By Sarah Kaufman
A quiet hum emanates from the two four-foot-high boxes tucked behind the greenhouse on the campus of Central Connecticut State University. Located between Nicholas Copernicus Hall and the Nicholas Copernicus parking garage, the honeybee hives, or apiary, are nurtured under the watchful eyes of Dr. Alicia Bray of the Biology Department and David Serino, Central’s Environmental Health & Safety director.
Dr. Bray said she has maintained the apiary in some form for the past five years. However, the current two hives on campus are relatively new.
Serino, a Cornell University certified Master Beekeeper, has 15 hives on his property in Litchfield and has been beekeeping for about 10 years. This spring, he donated two of his hives to Central.
“All domestic honey production in the United States is the result of intensely managed, non-native European honeybees [Apis mellifera],” says Serino, “About 50 percent of those domestic honeybee hives were lost over this past winter nationwide. However, colonies overseen by humans have a better chance of recovery the following year with proper management. In comparison, the nearly 4,000 native bee species in U.S. are threatened by introduced diseases, parasites, loss of habitat, and pesticides.”
Because the bees have a better chance of survival when overseen by a beekeeper, Serino said it doesn’t take long for the hives to expand. Even after donating two hives to Central, he said, his personal apiary still grew from 10 this spring to 15 hives now.
While she has eventual, long-term plans for the honey that could be created by the Central apiary, Dr. Bray said her focus this year is for the bees to produce enough honey to survive the winter.
“Certainly, I have grand plans for the honey,” Dr. Bray said, “but this is really their first year, so harvesting and marketing any Blue Devil honey will have to wait.”
Dr. Bray said the best part of the Central apiary is getting her Biology students involved in studying and caring for the bees.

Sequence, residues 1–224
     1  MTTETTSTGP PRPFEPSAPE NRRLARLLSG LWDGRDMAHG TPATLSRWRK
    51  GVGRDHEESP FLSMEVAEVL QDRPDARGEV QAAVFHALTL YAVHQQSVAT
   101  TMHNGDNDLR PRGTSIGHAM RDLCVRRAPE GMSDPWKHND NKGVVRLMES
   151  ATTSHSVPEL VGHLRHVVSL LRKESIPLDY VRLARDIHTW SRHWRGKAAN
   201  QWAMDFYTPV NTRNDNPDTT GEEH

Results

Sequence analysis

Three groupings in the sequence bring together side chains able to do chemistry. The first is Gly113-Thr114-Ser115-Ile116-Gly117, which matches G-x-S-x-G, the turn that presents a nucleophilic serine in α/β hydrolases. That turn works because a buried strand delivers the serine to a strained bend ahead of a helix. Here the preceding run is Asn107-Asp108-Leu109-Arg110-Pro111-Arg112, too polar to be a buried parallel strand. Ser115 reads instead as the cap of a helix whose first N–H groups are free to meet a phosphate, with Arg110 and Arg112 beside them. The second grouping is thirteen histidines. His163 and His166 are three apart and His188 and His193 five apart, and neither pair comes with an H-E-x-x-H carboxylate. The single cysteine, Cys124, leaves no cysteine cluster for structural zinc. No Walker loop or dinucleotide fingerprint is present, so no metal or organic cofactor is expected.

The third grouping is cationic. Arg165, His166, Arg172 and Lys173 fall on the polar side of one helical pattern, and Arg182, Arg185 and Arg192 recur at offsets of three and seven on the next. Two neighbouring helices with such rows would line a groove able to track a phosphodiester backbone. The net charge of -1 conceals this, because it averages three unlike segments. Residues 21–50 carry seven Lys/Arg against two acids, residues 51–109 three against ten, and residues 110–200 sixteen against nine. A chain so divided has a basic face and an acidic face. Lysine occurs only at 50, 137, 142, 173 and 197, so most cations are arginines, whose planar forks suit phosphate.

“I can figure out a way to include the bees in just about any program of study,” she said. “I can incorporate it into classes in entomology or animal behavior. I like finding a way to use them in classes for my non-biology major students.”
In the fall, Dr. Bray said she hopes to get the Central Sustainability Club involved with the apiary. She also would like to find a way to get a military veterans group program to interact with the apiary in a fashion that would be therapeutic.
“I just think there are so many ways the university and community can benefit from the bees,” she said.
Kelly Selby, the Environmental Health & Safety Office coordinator, said the bee apiary is one of Central’s many sustainability programs that works toward shrinking the university’s carbon footprint. Other green initiatives include the university’s fuel cell (with plans to add another one to campus); 18 free electric vehicle charging stations throughout campus; the replacement of all university lighting with LED fixtures; and Leadership in Energy and Environmental Design standards on all new construction, among others. The Environmental Health & Safety Office, along with the Central Sustainability Club, also conduct a Devil’s Move Out Donation Drive program through which unwanted furniture, clothing, and other items are donated to local shelters to divert them from landfills.
Selby said Chief Operations Officer Sal Cintorino approved the apiary because it fulfills several campus needs.
“We sat down and looked at the concept of embracing this learning experience and promoting this sustainable endeavor,” Cintorino said. “Everything that we discussed supported developing this bee apiary concept without creating a safety concern for the campus community.”